• Child support;
  • Alimony;
  • Property division or other divorce related debt (in a Chapter 7 Bankruptcy);
  • Student loans;
  • Debt incurred by fraud or shortly before a Bankruptcy filing; and
  • Recent taxes (rules are complicated).

Embezzlement? Well, that is a problem. Lying on a loan application or borrowing money with someone else’s identity, forging loan documents, taking the vacation of your lifetime in Paris paid for by Visa with the intention of filing for Bankruptcy before those bills come due?  These are all at least as non-dischargeable as you should think they are.

All silliness aside, here is what you need to remember. Most people who file for bankruptcy can discharge all, or virtually all, of their debt. There is a five-page laundry list of debts that cannot be discharged in a Bankruptcy, and for the most part, none of them are simple; and most of them are not all that common. The odds are very good that no one other than an experienced bankruptcy attorney can discuss any of them with you in any detail. Most people know just enough to be dangerous about Section 523, and that includes a large number of lawyers who don’t practice bankruptcy law on a regular basis.

If you have any questions about whether or not a debt is dischargeable, ask a lawyer who practices in the Bankruptcy Courts regularly. If anyone else tells you that something is not dischargeable, take that advice with a large helping of salt – especially if they think Bankrupt is a verb.

Elaine

 

Bankruptcy, the Fiscal Cliff and Tax Refunds

Evidently, we have a deal on the fiscal cliff — well, sort of.  We have a deal for two months, and then all bets are off.  So, I’m not completely sure that what I have read so far accurately describes the contents of this deal (so double-check my facts before relying on them, please); but even better, anything that does (or doesn’t) change today might in 60 days or so.  I’m sorry, but Congress needs to grow up.

What does this have to do with Bankruptcy and Tax Refunds?  Well, first of all, it appears that the tax exemption for forgiveness of debt income on a principal residence has been extended for a year — or at least until March.  So, if your primary reason for filing for bankruptcy was to avoid tax consequences from a foreclosure or short sale; now, you may not need to.  The emphasis there is on MAY.  Do pay the relatively trivial amount of money to check this with a qualified tax expert — which I am not, and this tax exemption is deceptively complicated.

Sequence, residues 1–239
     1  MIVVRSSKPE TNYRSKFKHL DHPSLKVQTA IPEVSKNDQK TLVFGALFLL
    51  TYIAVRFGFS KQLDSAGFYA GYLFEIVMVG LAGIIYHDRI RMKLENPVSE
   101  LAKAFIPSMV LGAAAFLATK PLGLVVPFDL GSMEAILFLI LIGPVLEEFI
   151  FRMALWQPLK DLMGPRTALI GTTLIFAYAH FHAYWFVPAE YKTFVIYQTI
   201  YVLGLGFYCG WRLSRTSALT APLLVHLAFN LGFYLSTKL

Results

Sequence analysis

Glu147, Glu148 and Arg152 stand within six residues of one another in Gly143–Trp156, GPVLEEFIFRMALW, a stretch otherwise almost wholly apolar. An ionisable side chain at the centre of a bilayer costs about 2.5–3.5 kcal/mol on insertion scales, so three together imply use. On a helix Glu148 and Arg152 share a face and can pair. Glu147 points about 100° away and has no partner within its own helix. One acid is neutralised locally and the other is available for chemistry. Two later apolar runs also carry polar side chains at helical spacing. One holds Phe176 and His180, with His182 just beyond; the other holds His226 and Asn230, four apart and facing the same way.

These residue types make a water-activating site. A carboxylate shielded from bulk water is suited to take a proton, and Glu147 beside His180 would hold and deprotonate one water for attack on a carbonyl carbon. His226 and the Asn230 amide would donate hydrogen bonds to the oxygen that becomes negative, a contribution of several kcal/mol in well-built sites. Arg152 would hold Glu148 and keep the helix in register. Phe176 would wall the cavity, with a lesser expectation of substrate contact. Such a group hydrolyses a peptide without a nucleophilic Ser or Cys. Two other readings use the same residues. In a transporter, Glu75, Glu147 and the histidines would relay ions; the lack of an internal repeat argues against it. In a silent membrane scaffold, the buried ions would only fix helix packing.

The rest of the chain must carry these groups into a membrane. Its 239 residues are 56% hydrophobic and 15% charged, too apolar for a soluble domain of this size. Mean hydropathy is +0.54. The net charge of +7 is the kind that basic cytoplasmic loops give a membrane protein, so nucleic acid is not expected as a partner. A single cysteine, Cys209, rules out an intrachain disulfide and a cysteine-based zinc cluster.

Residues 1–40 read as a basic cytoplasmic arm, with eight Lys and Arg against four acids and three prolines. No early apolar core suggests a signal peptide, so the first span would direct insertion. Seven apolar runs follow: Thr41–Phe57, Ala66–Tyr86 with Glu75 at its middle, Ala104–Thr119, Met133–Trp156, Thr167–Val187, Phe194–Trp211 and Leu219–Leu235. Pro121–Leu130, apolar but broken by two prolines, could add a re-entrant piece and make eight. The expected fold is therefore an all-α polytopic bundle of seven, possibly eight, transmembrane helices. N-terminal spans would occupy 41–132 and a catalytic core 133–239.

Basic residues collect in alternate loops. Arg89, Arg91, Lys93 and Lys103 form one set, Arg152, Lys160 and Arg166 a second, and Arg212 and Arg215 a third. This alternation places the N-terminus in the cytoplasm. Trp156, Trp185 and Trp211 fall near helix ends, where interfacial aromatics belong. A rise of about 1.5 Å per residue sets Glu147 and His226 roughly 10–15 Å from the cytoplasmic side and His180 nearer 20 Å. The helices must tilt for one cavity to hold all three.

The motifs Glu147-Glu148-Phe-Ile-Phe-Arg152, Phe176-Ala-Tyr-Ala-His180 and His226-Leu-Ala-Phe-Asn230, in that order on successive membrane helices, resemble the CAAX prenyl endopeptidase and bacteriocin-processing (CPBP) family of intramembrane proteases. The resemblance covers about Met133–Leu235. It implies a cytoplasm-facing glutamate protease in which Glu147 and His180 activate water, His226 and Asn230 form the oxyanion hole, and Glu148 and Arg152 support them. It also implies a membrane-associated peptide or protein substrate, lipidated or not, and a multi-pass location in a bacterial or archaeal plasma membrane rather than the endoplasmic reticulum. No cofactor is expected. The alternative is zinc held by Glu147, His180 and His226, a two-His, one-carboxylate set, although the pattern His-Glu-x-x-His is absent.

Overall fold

Now, for the bad news, your pay check will get smaller.  Tax withholding rates are going up 2%.  Most people who file for Bankruptcy have been living pay check to pay check  for many months.  A 2% withholding hit can make all the difference in the world between keeping the heat on and not.  Of course, the problem is that filing for bankruptcy isn’t cheap; and if you are living close to the edge, you probably don’t have the cash laid by for attorneys fees and filing fees.  So, before you spend your 2012 tax refund getting current on bills (like credit cards) and then realizing that you’ve blown your refund and still owe more than you can pay; consider whether you will be better served using that money to pay for a bankruptcy filing.

Every year people call me in late April or May who got back several thousand dollars in March or early April.  They spent that getting current on a bunch of debt and then realize a month later, that their balances aren’t going down and their income isn’t going up.  If your tax refund is enough to get you out of trouble, enough that you won’t need to file, enough that you will then be in a position to take care of yourself and your kids instead of Chase and Discover; then, by all means, use it to pay the bills — but do the math first.  Then, take a look at your retirement accounts and your kids’ college funds.  J.P. Morgan Chase made record profits in the 3rd quarter of 2012.  Did you?

Elaine

Debt Settlement Regulation

There is a movement afoot to increase the regulations governing debt settlement companies.  These are the companies who advertise that they can negotiate substantially reduced deals with your credit card companies.  If you have seen a banner ad that says something like, “Reduce your credit card debt by 40-50%”, odds are you have encountered a debt settlement company.